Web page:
India's Decision To Impose Restrictions On Rice Will Lift Global Prices And Possibly Food Inflation

India's Decision To Impose Restrictions On Rice Will Lift Global Prices And Possibly Food Inflation

India’s decision to limit rice exports is anticipated to increase the price of the staple globally and cause rival wheat and corn markets to rally, increasing worries about food inflation.

According to traders and analysts, rice prices are expected to increase in important rice exporters, India, Thailand, Vietnam, and Myanmar, which will hurt food importers who are already paying more for their purchases because of bad weather and the Russia-Ukraine war.

India, the world’s largest grain exporter, tried to increase supplies and stabilize local prices on Thursday after planting was hampered by below-average monsoon rainfall by banning broken rice exports and imposing a 20% duty on exports of various grades of the grain.

“There is going to be substantial stresses on food security across many countries,” said Phin Ziebell, an agribusiness economist at National Australia Bank. “Global fundamentals could see further upside across the grains complex.”

The market was supported by India’s move and talk about Russia’s constraints on Ukrainian grain shipments as Chicago wheat prices increased on Friday, on track for a third straight weekly gain.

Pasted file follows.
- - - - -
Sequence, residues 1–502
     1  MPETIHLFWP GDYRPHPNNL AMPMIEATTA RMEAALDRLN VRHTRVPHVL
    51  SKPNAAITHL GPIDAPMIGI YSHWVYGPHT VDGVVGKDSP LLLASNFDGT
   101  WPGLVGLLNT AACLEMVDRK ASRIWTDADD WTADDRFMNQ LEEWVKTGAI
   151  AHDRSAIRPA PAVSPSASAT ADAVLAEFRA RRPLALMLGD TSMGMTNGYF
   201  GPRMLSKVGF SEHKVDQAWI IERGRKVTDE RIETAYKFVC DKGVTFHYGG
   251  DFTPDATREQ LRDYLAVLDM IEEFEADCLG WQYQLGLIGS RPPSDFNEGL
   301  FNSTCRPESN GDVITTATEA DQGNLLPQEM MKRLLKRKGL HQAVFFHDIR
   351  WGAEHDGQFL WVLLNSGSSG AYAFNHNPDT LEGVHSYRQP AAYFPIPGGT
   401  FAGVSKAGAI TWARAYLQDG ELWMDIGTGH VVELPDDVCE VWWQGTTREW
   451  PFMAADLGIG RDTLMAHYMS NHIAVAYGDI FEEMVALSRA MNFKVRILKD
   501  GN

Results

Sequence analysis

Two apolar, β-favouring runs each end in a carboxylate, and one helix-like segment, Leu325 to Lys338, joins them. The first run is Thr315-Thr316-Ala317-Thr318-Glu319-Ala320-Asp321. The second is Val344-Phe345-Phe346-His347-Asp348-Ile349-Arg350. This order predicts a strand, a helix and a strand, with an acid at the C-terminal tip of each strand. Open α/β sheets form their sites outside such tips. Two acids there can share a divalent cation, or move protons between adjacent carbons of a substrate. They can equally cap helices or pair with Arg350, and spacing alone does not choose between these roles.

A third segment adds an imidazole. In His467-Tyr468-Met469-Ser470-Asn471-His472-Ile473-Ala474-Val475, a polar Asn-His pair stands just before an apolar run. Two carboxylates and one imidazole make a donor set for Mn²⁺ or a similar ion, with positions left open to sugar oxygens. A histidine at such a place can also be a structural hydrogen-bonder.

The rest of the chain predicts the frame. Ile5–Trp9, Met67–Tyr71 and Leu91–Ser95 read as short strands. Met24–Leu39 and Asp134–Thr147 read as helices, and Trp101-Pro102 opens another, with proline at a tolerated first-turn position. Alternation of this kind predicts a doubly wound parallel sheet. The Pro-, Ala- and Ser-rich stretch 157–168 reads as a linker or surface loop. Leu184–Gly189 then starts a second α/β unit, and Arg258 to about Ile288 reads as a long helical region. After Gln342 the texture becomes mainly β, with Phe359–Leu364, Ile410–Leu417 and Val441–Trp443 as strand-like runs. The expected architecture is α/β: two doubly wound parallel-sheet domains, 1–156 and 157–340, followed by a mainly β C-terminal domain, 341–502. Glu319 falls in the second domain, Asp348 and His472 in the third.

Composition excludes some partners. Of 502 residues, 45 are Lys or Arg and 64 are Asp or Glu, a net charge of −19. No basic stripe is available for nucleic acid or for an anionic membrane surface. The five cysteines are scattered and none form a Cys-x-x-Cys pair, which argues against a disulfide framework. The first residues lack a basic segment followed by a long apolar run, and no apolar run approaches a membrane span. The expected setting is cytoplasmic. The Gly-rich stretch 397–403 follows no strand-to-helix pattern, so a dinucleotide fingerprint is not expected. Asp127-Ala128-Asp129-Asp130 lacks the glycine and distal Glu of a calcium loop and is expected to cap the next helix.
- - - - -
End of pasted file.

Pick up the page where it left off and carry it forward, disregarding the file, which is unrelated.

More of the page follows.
“This is an inflationary move for food prices,” said Ole Houe, director of advisory services at agriculture brokerage IKON Commodities in Sydney. “This could trigger a rally in wheat and corn prices.”

About 40% of the total global export market of rice belongs to India, and the country rivals Thailand, Vietnam, Pakistan and Myanmar in this segment globally. 

“Myanmar prices should go up by $50 a tonne while suppliers in Thailand and Vietnam will be quoting higher prices,” said one Singapore-based trader.

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Before India imposed export restrictions, the price of five percent broken rice in Myanmar was quoted at $390 to $395 per tonne, free on board. In India, prices for 5% broken white rice were reported to be around $348 per tonne.

According to Chookiat Ophaswongse, honorary president of the Thai Rice Exporters Association, the decision will impact trade flows because the price of this variety of white rice in India is about $60–$70 per tonne less expensive than in Thailand.

“More orders will flow for Thai and Vietnamese rice,” he said. “We have to wait and see how long this policy from India will go on; if it is longer, it will increase demand for Thai rice exports…”

With higher rice prices, the top two rice importers worldwide, China and the Philippines are likely to suffer immediately.

According to traders, China, one of the largest importers of Indian broken rice for use in animal feed, is anticipated to switch to corn.

“We expect import volumes will decrease with this ban…the new Chinese corn crop is coming to market soon, and there are large volumes of other imported grains,” said Rosa Wang, an analyst at Shanghai JC Intelligence Co Ltd.

“There is news about an alliance of Thailand and Vietnam planning to increase export prices. We are analyzing the possible impact of these possible moves,” Mercedita Sombilla, undersecretary for policy, planning and regulations at the Philippines’ Department of Agriculture, said.

Thailand and Vietnam have decided to work together to raise prices to increase their negotiating power on the international market and increase farmer incomes.

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